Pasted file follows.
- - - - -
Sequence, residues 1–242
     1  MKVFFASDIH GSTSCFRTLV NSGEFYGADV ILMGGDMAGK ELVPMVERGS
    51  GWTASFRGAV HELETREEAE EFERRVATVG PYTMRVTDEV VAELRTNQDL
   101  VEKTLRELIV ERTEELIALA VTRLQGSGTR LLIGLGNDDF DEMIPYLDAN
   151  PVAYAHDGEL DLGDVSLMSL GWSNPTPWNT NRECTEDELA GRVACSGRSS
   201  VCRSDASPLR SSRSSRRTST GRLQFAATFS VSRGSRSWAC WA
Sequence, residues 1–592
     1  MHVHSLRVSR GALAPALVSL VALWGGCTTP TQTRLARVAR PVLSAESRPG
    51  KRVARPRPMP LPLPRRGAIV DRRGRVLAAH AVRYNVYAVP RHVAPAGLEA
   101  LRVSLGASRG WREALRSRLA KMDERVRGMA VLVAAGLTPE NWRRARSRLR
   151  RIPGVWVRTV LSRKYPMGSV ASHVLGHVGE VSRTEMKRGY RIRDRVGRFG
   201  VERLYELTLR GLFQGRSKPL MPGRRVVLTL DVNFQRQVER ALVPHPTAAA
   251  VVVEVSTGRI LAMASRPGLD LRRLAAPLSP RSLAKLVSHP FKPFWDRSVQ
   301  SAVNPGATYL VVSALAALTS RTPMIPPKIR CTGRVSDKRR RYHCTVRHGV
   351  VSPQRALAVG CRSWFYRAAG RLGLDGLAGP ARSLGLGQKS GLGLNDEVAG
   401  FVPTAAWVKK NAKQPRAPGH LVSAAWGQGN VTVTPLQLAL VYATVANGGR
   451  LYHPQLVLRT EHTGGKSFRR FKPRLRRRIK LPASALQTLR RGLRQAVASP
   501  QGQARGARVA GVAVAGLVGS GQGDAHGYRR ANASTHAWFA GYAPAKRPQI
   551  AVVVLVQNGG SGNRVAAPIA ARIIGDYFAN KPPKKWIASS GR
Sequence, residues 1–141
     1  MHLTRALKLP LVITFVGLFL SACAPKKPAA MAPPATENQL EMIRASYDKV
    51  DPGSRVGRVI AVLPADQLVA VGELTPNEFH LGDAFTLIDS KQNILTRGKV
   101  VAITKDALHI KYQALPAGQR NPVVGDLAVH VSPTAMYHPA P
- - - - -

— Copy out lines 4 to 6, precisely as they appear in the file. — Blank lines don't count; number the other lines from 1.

   101  VEKTLRELIV ERTEELIALA VTRLQGSGTR LLIGLGNDDF DEMIPYLDAN
   151  PVAYAHDGEL DLGDVSLMSL GWSNPTPWNT NRECTEDELA GRVACSGRSS
   201  VCRSDASPLR SSRSSRRTST GRLQFAATFS VSRGSRSWAC WA